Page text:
Peter de Hooch – the creator of chiaroscuro from the Golden Age of Dutch painting
Pieter de Hooch (born December 20, 1629 – died March 24, 1684) is a talented painter of the Golden Age of Dutch painting, a master of everyday genre scenes. Peter de Hooch’s paintings are bold experiments with backlighting. Although his biography has been little studied due to the lack of documentary evidence, his work left a noticeable mark in the history of the visual arts.
Pieter de Hooch painted scenes from everyday burgher life. He paid special attention to women’s troubles. A poetic look at the role of a mother, a housewife, her daily activities, sunny interiors of houses, give warmth and comfort, create, at the author’s will, an ideal version of the surrounding world.
Peter de Hooch is a difficult figure to learn. It is believed that he was born at the end of 1629, in the city of Rotterdam. According to the surviving church books, the boy was baptized on December 20. Most researchers took this day for the date of birth.
The father of the future painter was a bricklayer. Mother worked as a midwife. A modest family of townspeople raised five children, of which only one survived. The parents hoped that their son would master the craft and continue the family business. But at the age of seventeen, the young man went to the west of the country, to Haarlem, choosing the path of an artist.
He first studied with Nicholas Berchem (Nicolaes Pieterszoon Berchem the Elder). Period 1642-1645 spent in Rome, mastering Italian landscape painting. It can be assumed that Peter de Hooch was not satisfied with copying the teacher’s works, creating endless variations on a given theme. He was fascinated by the genre works of Frans Hals. The initial themes for the young man were the life of a soldier, the military in a civilian setting, peasants, the entourage of stables, scenes in taverns.
In the early 1650s, the artist worked for a wealthy merchant, a textile merchant, who at the same time collected a collection of paintings. Thanks to the constant traveling of the owner, Pieter de Hooch had the opportunity to travel, visit different cities. After 1652, he settled in Delft, and two years later he married, focusing on home comfort and family values.
The end of the 1650s was marked by a change in the painter’s style.
Art critics are constantly debating whether Peter de Hooch was influenced by his compatriot Jan Vermeer van Delft, or whether Vermeer himself adopted his style. Both masters paid a lot of attention to chiaroscuro, created a kind of highly moral fairy tales on everyday topics, ennobling reality.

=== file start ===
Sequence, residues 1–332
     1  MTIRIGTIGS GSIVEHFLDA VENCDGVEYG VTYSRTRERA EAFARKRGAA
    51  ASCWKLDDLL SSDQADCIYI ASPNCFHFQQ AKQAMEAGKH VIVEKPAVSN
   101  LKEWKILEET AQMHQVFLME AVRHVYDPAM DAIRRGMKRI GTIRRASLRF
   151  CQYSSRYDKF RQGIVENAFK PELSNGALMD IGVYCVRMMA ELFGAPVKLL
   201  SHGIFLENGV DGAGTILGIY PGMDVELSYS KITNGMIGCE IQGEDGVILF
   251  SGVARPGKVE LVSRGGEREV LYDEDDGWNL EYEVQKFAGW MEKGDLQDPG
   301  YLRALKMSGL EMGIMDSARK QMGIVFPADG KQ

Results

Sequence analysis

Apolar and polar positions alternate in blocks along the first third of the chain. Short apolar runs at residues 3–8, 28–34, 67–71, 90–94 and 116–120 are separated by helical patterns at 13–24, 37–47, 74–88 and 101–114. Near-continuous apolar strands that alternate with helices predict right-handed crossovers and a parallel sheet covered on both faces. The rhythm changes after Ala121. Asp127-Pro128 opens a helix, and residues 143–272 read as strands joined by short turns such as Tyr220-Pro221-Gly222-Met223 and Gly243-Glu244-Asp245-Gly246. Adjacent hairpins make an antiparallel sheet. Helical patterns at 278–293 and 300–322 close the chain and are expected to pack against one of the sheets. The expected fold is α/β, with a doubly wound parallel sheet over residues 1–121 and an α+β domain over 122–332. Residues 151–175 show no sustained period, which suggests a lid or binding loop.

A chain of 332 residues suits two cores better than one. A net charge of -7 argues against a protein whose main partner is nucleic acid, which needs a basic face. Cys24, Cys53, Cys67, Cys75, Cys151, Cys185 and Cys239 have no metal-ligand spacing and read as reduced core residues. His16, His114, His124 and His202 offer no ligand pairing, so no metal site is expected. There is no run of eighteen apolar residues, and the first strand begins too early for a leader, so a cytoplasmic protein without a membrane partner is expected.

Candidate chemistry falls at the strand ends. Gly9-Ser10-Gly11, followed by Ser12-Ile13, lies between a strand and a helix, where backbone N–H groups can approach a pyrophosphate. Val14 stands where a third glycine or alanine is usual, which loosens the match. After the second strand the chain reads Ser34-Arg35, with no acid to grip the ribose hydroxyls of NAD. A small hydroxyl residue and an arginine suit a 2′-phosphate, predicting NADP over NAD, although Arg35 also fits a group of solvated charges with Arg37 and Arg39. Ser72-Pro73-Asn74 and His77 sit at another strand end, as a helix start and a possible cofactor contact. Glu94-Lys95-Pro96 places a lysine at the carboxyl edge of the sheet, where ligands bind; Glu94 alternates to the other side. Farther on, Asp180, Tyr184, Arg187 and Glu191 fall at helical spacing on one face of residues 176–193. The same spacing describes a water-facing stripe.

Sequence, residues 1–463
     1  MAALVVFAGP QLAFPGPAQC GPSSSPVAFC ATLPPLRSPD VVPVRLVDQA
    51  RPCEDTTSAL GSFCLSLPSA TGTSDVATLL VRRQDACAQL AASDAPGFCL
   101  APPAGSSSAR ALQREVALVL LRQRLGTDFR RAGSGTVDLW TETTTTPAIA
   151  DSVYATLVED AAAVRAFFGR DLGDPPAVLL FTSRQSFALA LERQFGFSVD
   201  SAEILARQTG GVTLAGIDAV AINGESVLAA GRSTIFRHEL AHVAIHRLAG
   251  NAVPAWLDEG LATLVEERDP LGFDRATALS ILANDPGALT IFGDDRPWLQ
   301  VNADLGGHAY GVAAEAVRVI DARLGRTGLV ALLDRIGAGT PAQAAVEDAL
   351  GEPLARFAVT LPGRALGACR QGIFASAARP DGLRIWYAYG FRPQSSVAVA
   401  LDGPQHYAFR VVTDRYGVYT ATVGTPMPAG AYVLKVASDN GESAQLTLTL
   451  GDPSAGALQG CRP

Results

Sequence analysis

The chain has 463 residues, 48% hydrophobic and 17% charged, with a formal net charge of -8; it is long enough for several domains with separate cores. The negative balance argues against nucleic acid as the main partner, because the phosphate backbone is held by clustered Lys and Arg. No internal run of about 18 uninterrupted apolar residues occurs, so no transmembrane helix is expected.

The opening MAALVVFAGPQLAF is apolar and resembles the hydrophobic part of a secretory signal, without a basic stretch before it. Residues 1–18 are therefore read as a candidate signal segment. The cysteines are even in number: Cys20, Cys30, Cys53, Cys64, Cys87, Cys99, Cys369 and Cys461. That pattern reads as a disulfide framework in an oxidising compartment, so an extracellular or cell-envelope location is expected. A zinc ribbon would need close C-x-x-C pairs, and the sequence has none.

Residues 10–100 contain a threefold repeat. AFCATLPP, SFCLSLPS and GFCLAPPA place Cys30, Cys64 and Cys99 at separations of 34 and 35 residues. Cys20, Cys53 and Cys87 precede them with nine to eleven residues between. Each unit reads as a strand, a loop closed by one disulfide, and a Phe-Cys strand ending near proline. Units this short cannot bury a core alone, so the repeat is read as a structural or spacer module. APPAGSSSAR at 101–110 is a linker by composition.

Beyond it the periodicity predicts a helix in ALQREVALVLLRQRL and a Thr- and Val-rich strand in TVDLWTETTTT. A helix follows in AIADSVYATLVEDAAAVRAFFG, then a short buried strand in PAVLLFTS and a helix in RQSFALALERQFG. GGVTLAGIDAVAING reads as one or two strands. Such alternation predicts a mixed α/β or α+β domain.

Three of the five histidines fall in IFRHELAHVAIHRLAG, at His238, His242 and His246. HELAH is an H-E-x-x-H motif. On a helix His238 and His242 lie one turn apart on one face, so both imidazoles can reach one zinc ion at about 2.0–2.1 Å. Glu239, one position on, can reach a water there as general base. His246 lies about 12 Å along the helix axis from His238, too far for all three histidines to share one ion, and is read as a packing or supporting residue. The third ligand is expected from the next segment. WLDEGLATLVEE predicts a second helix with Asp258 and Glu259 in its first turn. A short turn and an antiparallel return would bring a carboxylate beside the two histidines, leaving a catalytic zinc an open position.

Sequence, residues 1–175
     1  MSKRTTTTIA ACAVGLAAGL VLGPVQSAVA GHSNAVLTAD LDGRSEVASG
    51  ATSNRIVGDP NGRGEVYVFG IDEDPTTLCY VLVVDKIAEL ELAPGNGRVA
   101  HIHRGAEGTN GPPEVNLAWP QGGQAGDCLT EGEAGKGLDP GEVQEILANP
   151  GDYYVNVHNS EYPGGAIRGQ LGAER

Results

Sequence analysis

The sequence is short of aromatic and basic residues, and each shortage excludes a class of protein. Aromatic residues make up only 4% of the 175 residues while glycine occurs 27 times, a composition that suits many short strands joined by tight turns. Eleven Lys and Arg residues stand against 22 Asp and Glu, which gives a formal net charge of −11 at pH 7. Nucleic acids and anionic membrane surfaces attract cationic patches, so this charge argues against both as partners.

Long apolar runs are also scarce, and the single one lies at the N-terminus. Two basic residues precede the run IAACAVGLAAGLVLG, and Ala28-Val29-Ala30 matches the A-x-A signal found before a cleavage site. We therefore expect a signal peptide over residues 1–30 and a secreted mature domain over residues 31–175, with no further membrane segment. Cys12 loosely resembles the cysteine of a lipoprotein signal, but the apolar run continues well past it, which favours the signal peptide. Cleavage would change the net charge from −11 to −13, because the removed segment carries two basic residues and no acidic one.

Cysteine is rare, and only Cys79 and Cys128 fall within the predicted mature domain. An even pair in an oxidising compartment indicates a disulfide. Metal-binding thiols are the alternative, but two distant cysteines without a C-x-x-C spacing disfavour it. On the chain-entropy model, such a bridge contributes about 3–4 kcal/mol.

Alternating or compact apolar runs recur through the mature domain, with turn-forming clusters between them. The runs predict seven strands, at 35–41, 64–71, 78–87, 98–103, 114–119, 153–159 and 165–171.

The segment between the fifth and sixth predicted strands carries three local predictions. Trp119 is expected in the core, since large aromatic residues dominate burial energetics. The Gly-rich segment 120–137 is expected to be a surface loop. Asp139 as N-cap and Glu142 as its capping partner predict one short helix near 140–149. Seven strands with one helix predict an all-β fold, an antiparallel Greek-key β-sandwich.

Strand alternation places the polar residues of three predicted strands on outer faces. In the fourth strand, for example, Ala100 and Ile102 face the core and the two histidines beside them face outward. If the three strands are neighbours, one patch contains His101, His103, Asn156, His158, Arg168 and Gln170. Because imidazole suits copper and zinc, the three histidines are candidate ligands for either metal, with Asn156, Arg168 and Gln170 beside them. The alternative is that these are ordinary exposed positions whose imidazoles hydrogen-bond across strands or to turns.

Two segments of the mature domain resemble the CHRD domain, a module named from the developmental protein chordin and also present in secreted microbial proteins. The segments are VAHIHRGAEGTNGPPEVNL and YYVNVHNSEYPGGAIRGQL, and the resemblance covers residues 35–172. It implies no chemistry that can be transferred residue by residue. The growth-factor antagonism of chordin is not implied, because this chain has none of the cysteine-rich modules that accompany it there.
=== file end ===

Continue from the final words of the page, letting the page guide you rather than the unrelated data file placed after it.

The sixties of the 17th century can be called the “Amsterdam period”: moving to the capital, orders, wealthy patrons, the image of luxurious interiors, family portraits. But the time of prosperity was short-lived. In 1667, the artist’s beloved wife died, which undermined his moral health. A few years later, in 1672, a war with France began, significantly worsening the economy of the entire country. There are few buyers.
For many years, biographers believed that the famous Dutchman died on March 24, 1684, in an asylum for the insane. Since 2008, a new version has appeared: his son, who bore the name of his father, died in an insane asylum. The exact date and place of rest of Peter de Hooch remain a mystery.
The most famous paintings by Pieter de Hooch
Pieter de Hooch’s paintings show the general direction of Dutch painting in the illustrious 17th century. The most famous of de Hooch’s works, recognized by critics as genuine:
- “A Man with Dead Birds and Other Figures in a Stable” (1655) – the exact date of writing is unknown. It is believed that the plot has been changed, the dead birds and the dog are painted over the image of the wounded person.
- “The Courtyard of a House in Delft” (1658) is the author’s characteristic approach to the depiction of architecture, adding volume by skillfully handling chiaroscuro.
- “Card Players in a Sunlit Room” (1658) – kept in the famous collection of Windsor Castle. A striking example of the period of the Golden Age of Dutch painting.
- “A Mother’s Debt” (1658-1660) – critics recognize her as the best depiction of a home scene, full of deep inner meaning.
- The “Bedroom” (1658-1660) is considered to be a masterpiece that combines skillful live backlighting. It gives the home scene a fun morning atmosphere.
- “Interior with a man reading a letter and a woman sewing” (1670-1674) – the original is in a private collection. A typical scene from the artist’s late period.
- “Woman Peeling Apples” (c. 1663) – a quiet home environment, the style is similar to Jan Vermeer, which is why the work was attributed to him for a long time.